The crystal structure of Staphylococcus aureus cytidine monophosphate kinase (CMK) in complex with cytidine 5,-monophosphate (CMP) has been determined at 2.3,Å resolution. The active site reveals novel features when compared with two orthologues of known structure. Compared with the Streptococcus pneumoniae CMK solution structure of the enzyme alone, S. aureus CMK adopts a more closed conformation, with the NMP-binding domain rotating by ,16° towards the central pocket of the molecule, thereby assembling the active site. Comparing Escherichia coli and S. aureus CMK,CMP complex structures reveals differences within the active site, including a previously unreported indirect interaction of CMP with Asp33, the replacement of a serine residue involved in the binding of CDP by Ala12 in S. aureus CMK and an additional sulfate ion in the E. coli CMK active site. The detailed understanding of the stereochemistry of CMP binding to CMK will assist in the design of novel inhibitors of the enzyme. Inhibitors are required to treat the widespread hospital infection methicillin-resistant S. aureus (MRSA), currently a major public health concern. [source]

Molecular epidemiology of tuberculosis in the Tula area, Central Russia, before the introduction of the Directly Observed Therapy Strategy

S. Dubiley
Clin Microbiol Infect 2010; 16: 1421,1426 Abstract Tuberculosis remains a major public health concern in Russia and worldwide. Given the great geographical, ethnic, and socio-economic heterogeneities between Russian regions, epidemiological data cannot be generalized from a regional to a country-wide level. We present data on the epidemiology of tuberculosis in Central Russia. We report a high level of resistance to major antitubercular drugs in both new and previously treated patients in the region. The level of drug resistance in new cases was almost twice as high as the estimated average national level. The Mycobacterium tuberculosis strains that circulated in the region were predominantly represented by LAM-RUS and Beijing genotypes. These two lineages were strongly associated with drug resistance and clustering. Using molecular epidemiology techniques, we showed a high interpenetration by M. tuberculosis strains between the prison and civilian populations. A limited number of identical strains were responsible for the majority of drug-resistant tuberculosis cases in both settings. [source]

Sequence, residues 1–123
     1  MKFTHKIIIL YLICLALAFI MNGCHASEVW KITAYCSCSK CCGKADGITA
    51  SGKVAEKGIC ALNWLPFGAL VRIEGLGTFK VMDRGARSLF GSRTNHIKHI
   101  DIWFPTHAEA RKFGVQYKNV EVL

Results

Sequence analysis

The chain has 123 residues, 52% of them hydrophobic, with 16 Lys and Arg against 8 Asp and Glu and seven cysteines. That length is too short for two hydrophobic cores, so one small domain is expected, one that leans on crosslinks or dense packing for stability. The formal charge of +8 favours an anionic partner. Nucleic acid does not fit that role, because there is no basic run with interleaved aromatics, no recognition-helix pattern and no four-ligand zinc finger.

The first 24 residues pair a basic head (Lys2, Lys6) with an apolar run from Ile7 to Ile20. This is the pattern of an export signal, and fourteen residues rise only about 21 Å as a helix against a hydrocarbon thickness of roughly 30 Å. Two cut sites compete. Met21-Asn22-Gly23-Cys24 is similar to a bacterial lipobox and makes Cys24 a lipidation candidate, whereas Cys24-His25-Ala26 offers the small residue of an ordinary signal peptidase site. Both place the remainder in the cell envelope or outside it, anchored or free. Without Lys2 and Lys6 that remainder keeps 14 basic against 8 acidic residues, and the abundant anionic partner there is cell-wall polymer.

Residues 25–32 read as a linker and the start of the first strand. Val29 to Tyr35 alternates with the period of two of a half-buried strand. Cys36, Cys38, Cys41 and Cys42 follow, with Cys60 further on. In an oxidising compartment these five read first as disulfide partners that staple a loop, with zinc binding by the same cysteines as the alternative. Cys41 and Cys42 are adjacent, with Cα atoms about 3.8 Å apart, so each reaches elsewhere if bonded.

Antimicrobial resistance in Europe and its potential impact on empirical therapy

G. M. Rossolini
Abstract The problem of microbial drug resistance is a major public health concern, due to its global dimension and alarming magnitude, although the epidemiology of resistance can exhibit remarkable geographical variability and rapid temporal evolution. The major resistance issues overall are those related to methicillin-resistant Staphylococcus aureus (MRSA), vancomycin-resistant enterococci (VRE), Enterobacteriaceae producing extended-spectrum ,-lactamases, and multidrug-resistant Pseudomonas aeruginosa and Acinetobacter baumannii. Europe is not free from any of these issues, although their impact may be significantly different in different countries. MRSA rates are high in several European countries, but seem to have levelled off in some settings. Diffusion of VRE is still irregular. The most alarming resistance trends are those observed for Enterobacteriaceae and the Gram-negative non-fermenters, with a generalized increase in rates of resistance to the most important anti-Gram-negative agents (,-lactams and fluoroquinolones) and the circulation of strains showing multidrug resistance phenotypes. [source]

Food groups and the risk of colorectal carcinoma in an Asian population

CANCER, Issue 11 2002
Adeline Seow M.D.
Abstract BACKGROUND Singapore Chinese have experienced a rapid transition toward a pattern of disease in which lifestyle-related, chronic, degenerative diseases are major public health concerns. The rates of colorectal carcinoma have increased 2-fold over the last 3 decades. It has long been known that dietary factors play a role in the risk of this disease, although studies in Asian populations, with their unique dietary intake, have been few. METHODS The authors conducted a population-based case-control study that included 121 Chinese patients with colorectal carcinoma and 222 healthy control participants who provided information on usual intake of major food groups in the preceding 3 years, physical activity, family history of colorectal carcinoma, and demographic variables through an in-person questionnaire. RESULTS High intake of red meat, but not other meats, indicated a predisposition to risk of colorectal carcinoma (adjusted odds ratio [OR] for the highest tertile vs. the lowest tertile, 2.2; 95% confidence interval [95%CI], 1.1,4.2). A low vegetable intake also was associated with a higher risk, and the combined effect appeared to be additive. Those in the highest tertile of meat intake and the lowest quartile of vegetable intake had an OR of 2.6 (95%CI, 1.0,6.7). The authors observed a slight, albeit nonsignificant, positive association with foods high in refined sugars. There was no association observed with fruit or soy-legume intake in this study. Among nondietary variables, a family history of colorectal carcinoma conferred a significant increase in risk (OR, 6.7; 95% CI 2.4,18.7). CONCLUSIONS Meat intake and vegetable intake were associated significantly with risk of colorectal carcinoma in this Asian population, and further studies on the effects of changes in these specific types of food may shed light on how best to reduce the rapid increase in rates in similar populations. Cancer 2002;95:2390,6. © 2002 American Cancer Society. DOI 10.1002/cncr.10971 [source]